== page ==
The expanding Yanacocha Mine dominates the land change seen in this series of images. Operated by the Newmont Mining Corporation in Greenwood Village, Colorado, the Yanacocha Mine is the second largest gold mine in the world, and the largest in Latin America. Consisting of seven distinct deposits, the open pits cover over 30,000 hectares of land.
The mine is located about 45 kilometers from Cajamarca in northern Peru on top of Yanacocha Mountain at an altitude of 4,700 meters, nestled in the Andes Mountains.
Mining operations at Yanacocha have been continuously expanding since 1993. Production peaked in 2005 when the mine produced 3.33 million ounces of gold. In 2014, just over 1 million ounces of gold came out of the mine. As of December 31, 2014, reserves are estimated to be 155 metric tons of gold.
In these false-color Landsat images, the expansion of the open pit mining is shown in varying shades of pink. Green is vegetation, and agricultural areas near the city of Cajamarca (visible as bright pink and purple shades) appear as bright green in the bottom center of the images.
Just west of the mining area, a dark green patch of land emerges in the time series of images. This is a cooperative farm called Granja Porcón. The 12,000 hectares of land in the cooperative were originally grassy plains.
The dark green area on the images indicates the effects of an afforestation project. Granja Porcón includes a nursery that produces over a million seedlings per year, and the forest plantations provide wood as a source of income for the local population. Pine species are planted in this location because of their resistance to cold at high elevation.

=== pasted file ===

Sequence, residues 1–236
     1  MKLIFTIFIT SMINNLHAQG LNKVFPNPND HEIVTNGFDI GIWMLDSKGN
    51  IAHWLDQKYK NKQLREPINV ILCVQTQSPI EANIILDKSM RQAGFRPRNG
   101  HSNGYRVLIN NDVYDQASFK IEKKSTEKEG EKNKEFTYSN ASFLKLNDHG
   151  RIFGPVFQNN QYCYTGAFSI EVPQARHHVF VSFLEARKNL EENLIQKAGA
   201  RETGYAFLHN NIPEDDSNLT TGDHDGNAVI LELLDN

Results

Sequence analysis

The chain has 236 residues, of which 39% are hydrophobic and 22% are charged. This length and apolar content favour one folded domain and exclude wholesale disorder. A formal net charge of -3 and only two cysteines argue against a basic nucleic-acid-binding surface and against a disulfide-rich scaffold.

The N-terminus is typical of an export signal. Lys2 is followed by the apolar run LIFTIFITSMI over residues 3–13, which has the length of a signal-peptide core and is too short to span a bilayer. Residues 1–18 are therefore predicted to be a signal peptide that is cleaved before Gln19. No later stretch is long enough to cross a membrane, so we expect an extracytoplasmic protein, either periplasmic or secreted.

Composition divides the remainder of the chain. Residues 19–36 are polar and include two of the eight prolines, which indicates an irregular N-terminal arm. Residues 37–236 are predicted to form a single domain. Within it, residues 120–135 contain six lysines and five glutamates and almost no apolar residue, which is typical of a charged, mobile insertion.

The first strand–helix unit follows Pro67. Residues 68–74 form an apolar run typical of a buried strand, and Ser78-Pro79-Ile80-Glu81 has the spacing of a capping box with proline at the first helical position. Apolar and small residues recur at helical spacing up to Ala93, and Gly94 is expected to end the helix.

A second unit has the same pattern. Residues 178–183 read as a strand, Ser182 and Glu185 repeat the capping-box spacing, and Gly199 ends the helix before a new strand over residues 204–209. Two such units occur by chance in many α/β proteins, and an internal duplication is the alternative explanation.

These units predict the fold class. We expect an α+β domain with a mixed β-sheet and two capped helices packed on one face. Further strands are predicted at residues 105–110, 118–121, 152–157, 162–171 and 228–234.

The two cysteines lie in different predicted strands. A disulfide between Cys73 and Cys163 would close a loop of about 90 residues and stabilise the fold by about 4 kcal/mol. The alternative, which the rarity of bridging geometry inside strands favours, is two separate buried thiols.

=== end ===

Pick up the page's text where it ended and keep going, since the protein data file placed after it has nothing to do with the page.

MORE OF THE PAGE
Tourists can visit and work alongside the residents of the cooperative in day-to-day tasks, such as milking cows or working in the fields.
Gold is found in the Yanacocha Mine in microscopic bits. One hundred tons of earth need to be removed for every ounce of gold extracted. The large volumes of material are dumped onto a lined leach pad, and cyanide solution is sprayed over it. The cyanide binds with the gold and causes a solution enriched with gold to settle at the bottom. The gold can then be extracted from that solution.
Environmental risks of large-scale open pit mining are complex and uncertain. One impact is the potential risk of cyanide contamination on soil and water. Satellite data along with ground studies can help show the land change effects of mining operations, such as groundwater quality and watershed changes.
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